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    While nothing really can be concluded from a summary about how well a character works, he does strike me a bit as a Danielle Steele character. Young, yet mature and experienced. Aggressive, yet shy. A people-reader, yet estranged. Etc. Etc. Like he's made to be everything at once.

    There's no really plausible way he's gonna be a surgeon at 32. Some might be, but they'd be exceptions. You're looking at some 15+ years of education for that. If you don't have an intensive insight into his field, any reader who does would pick your story apart.
  7. Wreybies

    Wreybies The Ops Pops Operations Manager Staff Supporter Contributor

    May 1, 2008
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    Puerto Rico
    I fail to understand this newest rash of character bio emphasis.

    You character bio consists of exactly 519 words. No, it was my word processor which did the counting.

    In a piece of flash fiction, the author is expected to create "real" people, more than one, in half the words you have used to spell out this person, through the story.

    Through the story.

    These exercises in creating people are well and good and perhaps even a needed point through which to pass if only to realize they come to nothing in the end if the story is found wanting.

    The story is your concern. It is the vehicle to carry what you wish to create, be it "real people," or drama, or action, or love, or depth of thought.
  8. ManhattanMss

    ManhattanMss New Member

    May 14, 2009
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    If Robert is to be a fictional character, the truth is he must not seem "real" so much as to seem "plausible." That won't happen till he's written into a story. Until he comes to (fictional) life by placing him into various storyline quandaries and conflicts, we might have a (maybe believable) description of someone who could easily be real, but "dimension" arises out of the story. Or doesn't. (Even in real life, for that matter, where a person's "story" is more interesting than his or her features and quirks and qualities).

    Plausibility requires the writer to plunge this character into a story. He need only make the character believable within the confines of the story he tells. That alone will determine whether he comes to (fictional) life. And that can be done with any constellation of good and bad qualities, even many that may serve to make him less "real" than someone we'd expect to meet on the street.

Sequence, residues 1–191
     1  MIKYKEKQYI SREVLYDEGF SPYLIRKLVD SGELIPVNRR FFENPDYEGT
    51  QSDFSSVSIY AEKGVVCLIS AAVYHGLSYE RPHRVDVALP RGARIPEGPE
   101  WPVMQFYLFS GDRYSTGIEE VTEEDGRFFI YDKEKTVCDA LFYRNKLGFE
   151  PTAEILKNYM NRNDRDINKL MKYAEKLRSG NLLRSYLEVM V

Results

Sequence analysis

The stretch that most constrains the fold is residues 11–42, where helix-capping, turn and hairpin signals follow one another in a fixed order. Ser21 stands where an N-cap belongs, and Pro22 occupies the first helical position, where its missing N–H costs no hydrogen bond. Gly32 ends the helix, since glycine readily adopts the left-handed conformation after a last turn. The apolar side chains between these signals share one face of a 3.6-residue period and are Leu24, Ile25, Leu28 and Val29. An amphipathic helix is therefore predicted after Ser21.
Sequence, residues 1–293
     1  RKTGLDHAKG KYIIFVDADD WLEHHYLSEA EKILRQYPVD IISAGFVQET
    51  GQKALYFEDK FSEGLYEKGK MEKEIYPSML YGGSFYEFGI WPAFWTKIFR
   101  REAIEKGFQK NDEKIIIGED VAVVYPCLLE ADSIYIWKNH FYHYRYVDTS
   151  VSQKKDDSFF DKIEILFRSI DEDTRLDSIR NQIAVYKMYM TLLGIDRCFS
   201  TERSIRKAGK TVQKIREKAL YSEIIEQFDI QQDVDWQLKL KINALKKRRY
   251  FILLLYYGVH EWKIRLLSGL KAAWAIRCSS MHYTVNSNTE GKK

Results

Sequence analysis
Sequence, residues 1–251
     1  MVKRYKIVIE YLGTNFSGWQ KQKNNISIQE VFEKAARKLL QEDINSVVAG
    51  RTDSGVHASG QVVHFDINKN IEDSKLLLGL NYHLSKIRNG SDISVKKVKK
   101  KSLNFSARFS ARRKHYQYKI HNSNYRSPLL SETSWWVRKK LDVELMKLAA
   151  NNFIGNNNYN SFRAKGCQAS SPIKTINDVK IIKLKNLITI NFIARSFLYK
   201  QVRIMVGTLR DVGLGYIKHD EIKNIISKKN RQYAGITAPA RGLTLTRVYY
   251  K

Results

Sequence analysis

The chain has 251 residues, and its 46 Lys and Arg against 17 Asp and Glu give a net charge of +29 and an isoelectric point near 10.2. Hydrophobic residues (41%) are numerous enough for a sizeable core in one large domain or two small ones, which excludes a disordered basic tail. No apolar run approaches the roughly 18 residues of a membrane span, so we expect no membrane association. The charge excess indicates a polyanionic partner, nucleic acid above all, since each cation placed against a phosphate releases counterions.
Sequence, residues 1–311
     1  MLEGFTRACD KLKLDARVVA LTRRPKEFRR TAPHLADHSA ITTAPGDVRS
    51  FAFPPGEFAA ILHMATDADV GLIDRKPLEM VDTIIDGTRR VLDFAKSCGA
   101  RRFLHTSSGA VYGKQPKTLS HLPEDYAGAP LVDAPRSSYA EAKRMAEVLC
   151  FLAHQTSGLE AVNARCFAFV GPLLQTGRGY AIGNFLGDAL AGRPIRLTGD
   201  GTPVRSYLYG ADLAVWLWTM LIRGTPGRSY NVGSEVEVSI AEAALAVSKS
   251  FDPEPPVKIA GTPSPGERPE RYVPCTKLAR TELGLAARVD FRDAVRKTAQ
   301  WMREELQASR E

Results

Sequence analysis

I see some objections to your surgeon's age. But maybe we should remember the fictional, teenage doctor (what was his name? Doogie Howser?) who became an endearing and plausible fictional character in a television series many years ago. Anything's possible in well-written fiction, and most readers of fiction expect their imaginations to be stretched in some way.

    As others have said, it's all in the writing and the presentation. Whether a particular constellation of human qualities are perceived by someone as representing a "real" person is completely irrelevant. Plus, the more unified we are on what we "think" of as "real," the closer we get to a stereotype (and nothing's less three-dimensional than that).

    P.S.: What Wreybies said.;)
  9. Rei

    Rei Contributor Contributor

    Aug 2, 2008
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    Although the author's skill is also a factor, my general feeling about something being realistic/believable is that if you believe it, we'll believe it.
  10. DragonGrim

    DragonGrim New Member

    Oct 3, 2008
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    I agree with Rei. A character should live in the authors mind.
  11. writewizard

    writewizard New Member

    Dec 14, 2009
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    Pretty real. However, I think that he needs to be a bit more snarky. If someone like that - who kept everything so closed up inside - met with me, I'd wonder why they weren't spitting insults. You can't see death and not be affected.
  12. Feievel23

    Feievel23 New Member

    Dec 23, 2009
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    San Antonio, TX
    He needs some likes, it seems like their are a lot of circumstantial things happening to him, and we need to see inside of him, what he really wants to do, not just what is happening to him. Plus, he needs some good things about him, he seems like a bomb about to explode. Give him some good qualities, then he will seem like a real, living person.
  13. taylor.kuykendall

    taylor.kuykendall New Member

    Nov 18, 2009
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    Realistic, but that's not the problem

    The character seems realistic enough, but I don't many doctors. I do, however, know a lot that play one on TV, and that seems to be exactly where you lifted this character. House, Dr. Cox (Scrubs), one of those guys from the Twilight Zone episodes... the list goes on. Over-dedication to the medical profession seems to be EVERY medical professional that finds themselves in front of a camera.

    If this character is ancillary to the rest of the story, I would believe him. If I had to face him as a main character, I'd probably write him off as a rip off of other television doctors.

    I do want to reiterate what other members have said.... If the story is written well, everything I wrote above is to be disregarded, but at the moment, I feel it would have to be really good, really fast to hold my attention.
  14. captain kate

    captain kate Active Member

    May 4, 2008
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    Cruising through space.
    The longest description doesn't mean anything

    If you can't bring their personality to life in the story. While you have this information at your fingertips, how will you convey it to the reader? Are you planning an info-dump? I hope not...

    The best thing to do is to keep these characteristics in mind and start to sprinkle them through the story. How? Use words he says, events he experiences and his own thoughts to bring them to life.

    However, make sure you do the least amount possible and let the reader put 2+2 together. Now I'm off my soapbox...